The big industry in Two Rivers in the 1870s was a factory that made chairs. It was apparently one of the biggest chair manufacturers in the world.

Chairs — not a gripping backdrop for the opening of a mystery novel.

History is an endless, echoing cavern. Try as I might, I’ll never know enough. What I need is a big blue box — a police call box, one that’s a lot bigger on the inside than on the outside. Short of being there and seeing what there is to see, how can you really think you know anything about history?

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A Taste of History

Posted by midiguru on July 8, 2014

History is not as far away as we tend to think. Once in a while it rises up and gives you a little extra ripple of pleasure.

Right now I’m doing some research for a possible rewrite of a novel I wrote five years ago. The novel is set in Chicago, in 1885. I enjoy doing research, and I’m also somewhat obsessive about wanting to get the details right. If you want to know about the development of the bicycle or the telephone, let me know. Both were new in 1885. The phonograph existed too, but it wasn’t in common use.

The details of daily life are endless. What kind of paper money did people have and use in 1885? That’s a good question. Since my story involves a robbery, I need to know. I couldn’t find any good answers online, and my local public library was mostly a bust, so I availed myself of the inter-library loan system. This is a great system, as long as you’re careful not to lose books. (The fine is $100.)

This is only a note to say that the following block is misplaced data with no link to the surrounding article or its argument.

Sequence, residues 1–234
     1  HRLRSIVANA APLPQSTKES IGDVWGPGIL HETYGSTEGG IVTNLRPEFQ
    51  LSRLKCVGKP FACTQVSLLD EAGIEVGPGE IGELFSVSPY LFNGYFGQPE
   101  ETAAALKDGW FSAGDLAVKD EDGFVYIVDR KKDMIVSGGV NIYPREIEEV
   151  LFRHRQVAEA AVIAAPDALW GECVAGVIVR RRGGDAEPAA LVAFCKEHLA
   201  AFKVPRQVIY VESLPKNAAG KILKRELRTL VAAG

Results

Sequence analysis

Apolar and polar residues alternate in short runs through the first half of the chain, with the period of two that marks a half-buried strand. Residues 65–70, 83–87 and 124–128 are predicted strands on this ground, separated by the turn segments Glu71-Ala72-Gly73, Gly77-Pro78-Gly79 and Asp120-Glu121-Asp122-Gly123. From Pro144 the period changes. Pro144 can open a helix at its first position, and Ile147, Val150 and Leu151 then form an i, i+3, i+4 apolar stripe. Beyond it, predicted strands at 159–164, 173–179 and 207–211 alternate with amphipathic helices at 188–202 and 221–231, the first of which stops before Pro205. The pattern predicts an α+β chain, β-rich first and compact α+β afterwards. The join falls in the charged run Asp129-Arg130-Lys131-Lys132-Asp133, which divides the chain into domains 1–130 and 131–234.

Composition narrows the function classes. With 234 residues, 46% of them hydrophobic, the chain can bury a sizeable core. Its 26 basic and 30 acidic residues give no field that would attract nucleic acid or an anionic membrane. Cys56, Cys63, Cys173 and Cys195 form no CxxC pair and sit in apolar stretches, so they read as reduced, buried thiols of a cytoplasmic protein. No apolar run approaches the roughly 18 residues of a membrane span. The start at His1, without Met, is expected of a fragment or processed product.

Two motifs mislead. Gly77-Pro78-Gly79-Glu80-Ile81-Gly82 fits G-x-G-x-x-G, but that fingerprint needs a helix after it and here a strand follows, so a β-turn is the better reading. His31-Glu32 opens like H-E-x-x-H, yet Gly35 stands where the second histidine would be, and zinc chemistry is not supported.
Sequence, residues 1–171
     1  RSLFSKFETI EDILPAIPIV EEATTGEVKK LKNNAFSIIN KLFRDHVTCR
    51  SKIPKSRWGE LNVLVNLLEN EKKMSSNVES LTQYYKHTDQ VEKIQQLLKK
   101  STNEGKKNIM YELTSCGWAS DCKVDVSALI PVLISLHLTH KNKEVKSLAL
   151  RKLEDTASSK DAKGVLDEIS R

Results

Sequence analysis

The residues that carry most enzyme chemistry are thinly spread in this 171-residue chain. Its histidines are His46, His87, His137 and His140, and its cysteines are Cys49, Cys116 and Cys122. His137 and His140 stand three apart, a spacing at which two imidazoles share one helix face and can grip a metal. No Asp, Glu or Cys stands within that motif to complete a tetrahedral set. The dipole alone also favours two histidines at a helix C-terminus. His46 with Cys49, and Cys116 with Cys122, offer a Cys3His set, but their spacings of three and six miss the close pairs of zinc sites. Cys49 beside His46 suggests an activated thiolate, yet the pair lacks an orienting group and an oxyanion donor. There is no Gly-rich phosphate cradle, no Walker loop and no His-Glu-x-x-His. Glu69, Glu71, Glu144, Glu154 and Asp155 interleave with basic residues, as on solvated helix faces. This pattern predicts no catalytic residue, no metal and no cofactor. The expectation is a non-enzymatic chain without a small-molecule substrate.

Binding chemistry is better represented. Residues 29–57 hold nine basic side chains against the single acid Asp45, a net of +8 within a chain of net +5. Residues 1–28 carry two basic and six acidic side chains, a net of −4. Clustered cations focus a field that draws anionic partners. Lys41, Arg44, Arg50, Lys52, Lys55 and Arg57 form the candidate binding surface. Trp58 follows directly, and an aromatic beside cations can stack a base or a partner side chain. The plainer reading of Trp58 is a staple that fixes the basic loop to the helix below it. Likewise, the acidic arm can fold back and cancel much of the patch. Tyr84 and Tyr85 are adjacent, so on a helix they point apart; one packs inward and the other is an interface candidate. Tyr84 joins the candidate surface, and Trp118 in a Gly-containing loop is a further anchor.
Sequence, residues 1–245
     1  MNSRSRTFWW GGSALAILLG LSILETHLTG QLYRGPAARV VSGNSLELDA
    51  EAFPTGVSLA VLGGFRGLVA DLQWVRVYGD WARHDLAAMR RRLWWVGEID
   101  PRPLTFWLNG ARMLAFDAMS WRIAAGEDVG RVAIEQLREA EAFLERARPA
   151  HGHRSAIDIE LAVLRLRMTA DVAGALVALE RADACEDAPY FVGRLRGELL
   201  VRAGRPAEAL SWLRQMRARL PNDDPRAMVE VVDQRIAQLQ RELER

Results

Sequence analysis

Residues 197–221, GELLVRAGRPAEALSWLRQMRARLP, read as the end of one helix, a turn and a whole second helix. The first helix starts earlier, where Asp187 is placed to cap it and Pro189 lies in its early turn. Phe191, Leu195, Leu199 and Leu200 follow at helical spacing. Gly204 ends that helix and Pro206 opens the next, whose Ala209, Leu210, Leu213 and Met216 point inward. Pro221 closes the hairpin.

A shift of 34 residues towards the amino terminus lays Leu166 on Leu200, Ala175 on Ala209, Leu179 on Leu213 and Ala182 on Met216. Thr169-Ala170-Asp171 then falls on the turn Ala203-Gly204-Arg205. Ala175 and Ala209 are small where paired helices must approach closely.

Today I got an email notification that the books I requested had arrived, so I drove down to the library and picked up a copy of a book called United States Notes, which was sent down at my request from the University of Nevada. The paper is a bit yellowing, the language somewhat archaic, and as it turns out, there’s nothing in the book that’s very helpful. But here’s the fun part:

Flipping to the front, I found that the book was published by Charles Scribner’s Sons in 1884. This is not a Dover reprint — it’s the original damn book. It has been sitting on a library shelf in Nevada since a year before the events in my story.

My grandfather, Frank Aikin, was 20 years old in 1885. But that’s an abstract fact, and anyway, I never knew him. This book is concrete. It’s sitting right here on my end table. History.

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What’s in a Name?

Posted by midiguru on July 7, 2014

Five years ago I wrote a historical mystery novel. My agent didn’t think it was marketable, and in retrospect he was right. There were problems.

Ever since, I’ve been mulling over ways to fix it. Last month I figured out what needs to be done, so now I’m ready to attempt a rewrite.

The difficulty I’m wrestling with today is what name to give my detective. All the good names are taken. I think of one that might work. I google it. There’s already an actor named that, or a historical figure from the same period, or a novelist.

In the original version, his name was John Gordon. I like the dark vowels. What I don’t like is “Gordon.” It’s customary to call an adult male character by his last name — and “Gordon” is ambiguous. It could be a first name. And not a very strong or dignified first name — a bit wimpy, in fact. Gordon this, Gordon that. Not good.